THE LEOPARD MAN (Roy Webb) [Los Feliz 3]
NIGHTBREED (Danny Elfman) [Brain Dead Studios]
NORTH BY NORTHWEST (Bernard Herrmann) [Los Feliz 3]
REBECCA (Franz Waxman), I WALKED WITH A ZOMBIE (Roy Webb) [Aero]

October 30
BEETLEJUICE (Danny Elfman) [New Beverly]
THE BOOK OF LIFE (Gustavo Santaolalla) [Academy Museum]
CASTLE IN THE SKY (Joe Hisaishi) [Academy Museum]
CURE (Gary Ashiya) [Aero]
CURSE OF THE DEMON (Clifton Parker), THE BIRDS (Remi Gassman, Oskar Sala, Bernard Herrmann) [Aero]
HI, MOM (Eric Kaz) [Los Feliz 3]
LET THE RIGHT ONE IN (Johan Soderqvist) [Brain Dead Studios]
MUNSTER, GO HOME (Jack Marshall) [Los Feliz 3]
PAN'S LABYRINTH (Javier Navarrete) [Academy Museum]
SHAUN OF THE DEAD (Daniel Mudford, Pete Woodhead) [New Beverly]
SHOCKPROOF (George Duning) [Los Feliz 3]
THE SIXTH SENSE (James Newton Howard) [Academy Museum]
TAXI DRIVER (Bernard Herrmann) [Los Feliz 3]
ZOMBIE (Giorgio Tucci, Fabio Frizzi) [Brain Dead Studios]

October 31
BEETLEJUICE (Danny Elfman) [New Beverly]
CREEPSHOW (John Harrison) [Los Feliz 3]
DRAG ME TO HELL (Christopher Young) [Brain Dead Studios]
THE EXORCIST [Los Feliz 3]
GET OUT (Michael Abels) [Academy Museum]
HALLOWEEN (John Carpenter) [Alamo Drafthouse]
THE HAUNTING (Humphrey Searle) [Los Feliz 3]
HOCUS POCUS (John Debney) [Academy Museum]
POSSESSION (Andrzej Korzynski)  [Los Feliz 3]
PSYCHO (Bernard Herrmann), CAT PEOPLE (Roy Webb) [Aero]
SCREAM (Marco Beltrami) [Alamo Drafthouse]


THINGS I'VE HEARD, READ, SEEN OR WATCHED LATELY

Heard:
The Fly/Return of the Fly (Sawtell/Shefter), The Curse of the Fly (Shefter), The Fly II (Young), The Dead Zone (Kamen), eXistenZ (Shore), The Big Boss (Thomas), Game of Death (Barry), Dragon: The Bruce Lee Story (Edelman), Enter the Dragon (Schifrin), Unbreakable (Howard), Signs (Howard), The Village (Howard), Lady in the Water (Howard), The Happening (Howard), The Last Airbender (Howard), After Earth (Howard), The Witches of Eastwick (Williams)

Read: The Judgment of Deke Hunter, by George V. Higgins

Seen: Eyes without a Face, Mad Love [1935], Lamb, The Velvet Underground, No Time to Die, Funny Boy, Alien, The Earth Dies Screaming, Calling Dr. Death, Weird Woman, The Frozen Ghost

Watched: Saboteur; Star Trek: Discovery ("Terra Firma, Part 1"); Fosse/Verdon ("Providence")

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Comments (3):Log in or register to post your own comments
Bring back the personal observations. They were enjoyable.

Bring back the personal observations. They were enjoyable.

That is exceptionally kind of you to say, but as I think I mentioned once somewhere on the Message Board, since the fall of 2005, writing for the FSM site has been a time-consuming hobby rather than an actual job, and between the time demands of my day job, and the copious number of films I am seeing in theaters, it's all I can to do supply the regular elements of the Friday columns.

That said, I really enjoyed Dune (I saw it in IMAX and will see it again in traditional scope in a week or two), though the Zimmer score left me cold; Interstellar, it wasn't.

As a lifelong 007 devotee (I was first indoctrinated into the series, thanks to one of my older brothers, with a triple-feature of Dr. No, From Russia with Love and Goldfinger in 1972 [I originally typed 1927 - I am old, but I am not THAT old]), I was disappointed by No Time to Die though I enjoyed it more the second time. The Craig Bonds never have the cheesy lows of the Moore films (Moonraker for me is the nadir of the series, followed by The Spy Who Loved Me - they both feel like imitations of Bond movies rather than attempts to make interesting new movies, though I still prefer them to the bland snooze that is Never Say Never Again, whose Fleming-esque title is the best thing about that fundamentally misguided and unnecessary movie), but like Quantum of Solace it's a bit forgettable (most of the cool stuff is in the trailer), and the big surprise at the ending did not please me - not in a Last Jedi "How dare they!" way (I'm actually a big Last Jedi fan, which makes sense since Star Wars isn't a particularly favorite franchise of mine), but more because I didn't feel the movie was good and emotionally strong enough to earn that ending.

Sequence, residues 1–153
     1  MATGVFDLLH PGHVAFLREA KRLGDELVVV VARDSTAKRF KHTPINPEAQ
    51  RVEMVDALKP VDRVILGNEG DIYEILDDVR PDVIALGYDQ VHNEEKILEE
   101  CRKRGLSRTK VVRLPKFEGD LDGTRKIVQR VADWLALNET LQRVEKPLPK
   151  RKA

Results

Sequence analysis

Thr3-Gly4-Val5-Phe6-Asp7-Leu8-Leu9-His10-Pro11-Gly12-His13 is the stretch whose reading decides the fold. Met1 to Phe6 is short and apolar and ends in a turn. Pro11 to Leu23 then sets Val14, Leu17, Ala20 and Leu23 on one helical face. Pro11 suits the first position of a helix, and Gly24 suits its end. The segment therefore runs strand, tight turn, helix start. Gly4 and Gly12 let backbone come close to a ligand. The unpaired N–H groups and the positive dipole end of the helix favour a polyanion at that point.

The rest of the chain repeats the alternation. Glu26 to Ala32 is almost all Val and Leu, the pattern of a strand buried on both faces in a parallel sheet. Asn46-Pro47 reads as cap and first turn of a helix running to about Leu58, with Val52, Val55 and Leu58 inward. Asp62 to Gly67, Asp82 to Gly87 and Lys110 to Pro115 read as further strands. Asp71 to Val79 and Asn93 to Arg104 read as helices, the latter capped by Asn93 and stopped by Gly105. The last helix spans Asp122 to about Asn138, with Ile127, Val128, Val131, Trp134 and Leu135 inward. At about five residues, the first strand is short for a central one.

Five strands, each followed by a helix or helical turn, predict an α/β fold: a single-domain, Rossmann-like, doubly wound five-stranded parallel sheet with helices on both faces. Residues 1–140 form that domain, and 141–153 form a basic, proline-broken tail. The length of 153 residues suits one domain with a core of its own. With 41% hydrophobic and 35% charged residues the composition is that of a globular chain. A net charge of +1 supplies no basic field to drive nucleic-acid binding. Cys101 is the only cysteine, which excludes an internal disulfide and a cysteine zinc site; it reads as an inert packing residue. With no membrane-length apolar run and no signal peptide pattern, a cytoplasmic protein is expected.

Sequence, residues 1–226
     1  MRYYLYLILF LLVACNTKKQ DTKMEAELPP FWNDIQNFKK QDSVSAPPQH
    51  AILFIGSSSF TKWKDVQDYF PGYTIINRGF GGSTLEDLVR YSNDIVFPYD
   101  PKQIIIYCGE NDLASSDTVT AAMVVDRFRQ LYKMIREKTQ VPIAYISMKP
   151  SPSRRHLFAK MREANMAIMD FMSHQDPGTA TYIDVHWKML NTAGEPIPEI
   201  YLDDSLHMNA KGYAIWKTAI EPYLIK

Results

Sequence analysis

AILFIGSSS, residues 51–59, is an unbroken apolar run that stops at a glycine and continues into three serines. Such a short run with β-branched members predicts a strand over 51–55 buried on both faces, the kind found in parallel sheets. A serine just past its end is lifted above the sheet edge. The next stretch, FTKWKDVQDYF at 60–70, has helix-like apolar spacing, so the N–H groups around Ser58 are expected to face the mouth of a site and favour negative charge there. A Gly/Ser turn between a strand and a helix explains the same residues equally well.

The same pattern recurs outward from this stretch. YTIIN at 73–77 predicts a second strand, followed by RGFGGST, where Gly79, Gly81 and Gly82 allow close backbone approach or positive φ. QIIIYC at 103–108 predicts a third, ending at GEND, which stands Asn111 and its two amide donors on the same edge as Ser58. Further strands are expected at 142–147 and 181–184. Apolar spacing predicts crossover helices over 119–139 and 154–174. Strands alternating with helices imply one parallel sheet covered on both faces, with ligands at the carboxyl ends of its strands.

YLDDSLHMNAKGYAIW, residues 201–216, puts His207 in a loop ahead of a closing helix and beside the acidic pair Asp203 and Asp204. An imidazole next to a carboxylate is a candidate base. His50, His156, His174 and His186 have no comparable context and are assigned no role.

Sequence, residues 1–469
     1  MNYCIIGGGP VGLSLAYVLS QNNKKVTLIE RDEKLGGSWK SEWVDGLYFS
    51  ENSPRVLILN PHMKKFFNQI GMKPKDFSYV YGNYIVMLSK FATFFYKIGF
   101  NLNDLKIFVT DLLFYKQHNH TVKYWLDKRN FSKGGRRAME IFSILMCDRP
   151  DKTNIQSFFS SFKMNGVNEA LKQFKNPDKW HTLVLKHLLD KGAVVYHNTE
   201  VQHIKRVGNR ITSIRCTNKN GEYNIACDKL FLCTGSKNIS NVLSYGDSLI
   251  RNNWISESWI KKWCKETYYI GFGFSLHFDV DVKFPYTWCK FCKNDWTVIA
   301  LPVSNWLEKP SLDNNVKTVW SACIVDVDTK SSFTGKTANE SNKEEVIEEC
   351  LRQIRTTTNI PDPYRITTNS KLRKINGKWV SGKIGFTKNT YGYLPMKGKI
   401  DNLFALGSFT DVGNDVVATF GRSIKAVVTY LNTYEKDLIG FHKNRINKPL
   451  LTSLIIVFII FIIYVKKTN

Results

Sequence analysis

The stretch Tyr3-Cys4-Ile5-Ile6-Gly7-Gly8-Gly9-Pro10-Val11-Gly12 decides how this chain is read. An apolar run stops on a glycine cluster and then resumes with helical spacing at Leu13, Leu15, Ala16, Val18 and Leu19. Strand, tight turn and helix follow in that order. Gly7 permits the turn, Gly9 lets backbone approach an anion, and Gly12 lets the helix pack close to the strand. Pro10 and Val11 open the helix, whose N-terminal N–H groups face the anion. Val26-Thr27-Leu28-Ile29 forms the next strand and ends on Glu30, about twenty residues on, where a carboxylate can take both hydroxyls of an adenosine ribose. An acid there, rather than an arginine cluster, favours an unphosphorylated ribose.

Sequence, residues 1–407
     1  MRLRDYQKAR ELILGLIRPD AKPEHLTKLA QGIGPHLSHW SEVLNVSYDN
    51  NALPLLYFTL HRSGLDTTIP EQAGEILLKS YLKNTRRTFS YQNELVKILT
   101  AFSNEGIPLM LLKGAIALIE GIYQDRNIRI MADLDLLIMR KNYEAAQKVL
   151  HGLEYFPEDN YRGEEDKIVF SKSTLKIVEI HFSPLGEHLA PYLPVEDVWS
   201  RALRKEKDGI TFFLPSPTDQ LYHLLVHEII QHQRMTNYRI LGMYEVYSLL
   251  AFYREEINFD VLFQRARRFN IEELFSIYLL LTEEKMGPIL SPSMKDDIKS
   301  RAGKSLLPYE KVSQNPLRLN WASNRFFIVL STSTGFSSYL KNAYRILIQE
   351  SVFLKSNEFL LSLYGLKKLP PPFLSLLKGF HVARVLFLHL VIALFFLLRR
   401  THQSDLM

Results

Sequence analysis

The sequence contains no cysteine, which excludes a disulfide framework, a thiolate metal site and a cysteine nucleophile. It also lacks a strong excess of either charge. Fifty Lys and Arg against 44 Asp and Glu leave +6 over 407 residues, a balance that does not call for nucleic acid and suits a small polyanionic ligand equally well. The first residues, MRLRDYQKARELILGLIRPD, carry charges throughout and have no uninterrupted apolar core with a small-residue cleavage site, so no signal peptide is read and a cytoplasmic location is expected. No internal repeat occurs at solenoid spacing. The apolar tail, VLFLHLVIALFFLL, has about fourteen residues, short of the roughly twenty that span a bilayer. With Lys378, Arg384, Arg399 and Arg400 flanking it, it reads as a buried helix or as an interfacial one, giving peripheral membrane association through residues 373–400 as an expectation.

I'm a little tired of the endless reboots (though Tom Holland's Spider-Man is my favorite, and I'm eagerly looking forward to The Batman), so I'm hoping that - considering the third act of No Time to Die makes obvious references to Fleming's You Only Live Twice - they take a similar tack when the series resumes rather than a full reboot.

A filmmaker friend of mine thinks that Bond crying over M's death in Skyfall "ruined" the series, but I've just re-read the first four Fleming books, and the Bond of the books would cry if the original, male M died - in Diamonds Are Forever, he actually compares their relationship to a marriage.

It's because you see so many movies that you've earned some authority. I try to limit myself to 2-3 (in all mediums) per week.

To see so many of them in a cinema -- when you factor in the logistics of doing so -- shows real dedication.

But I must disagree. I actually think THE SPY WHO LOVE ME is the quintessential Bond film (and I think Christopher Nolan agrees). Partly because Barbara Bach, even if she can't act, is the most gorgeous of Bond girls and her adversarial relationship with Bond is well-conceived.

And DUNE, I think, is the best movie of the year. Villeneuve makes movies that would have fitted very comfortably into the '70s and '80s. Flawed, languid, but deeply immersive: APOCALYPSE NOW, THE SHINING, BLADE RUNNER, even Lynch's DUNE.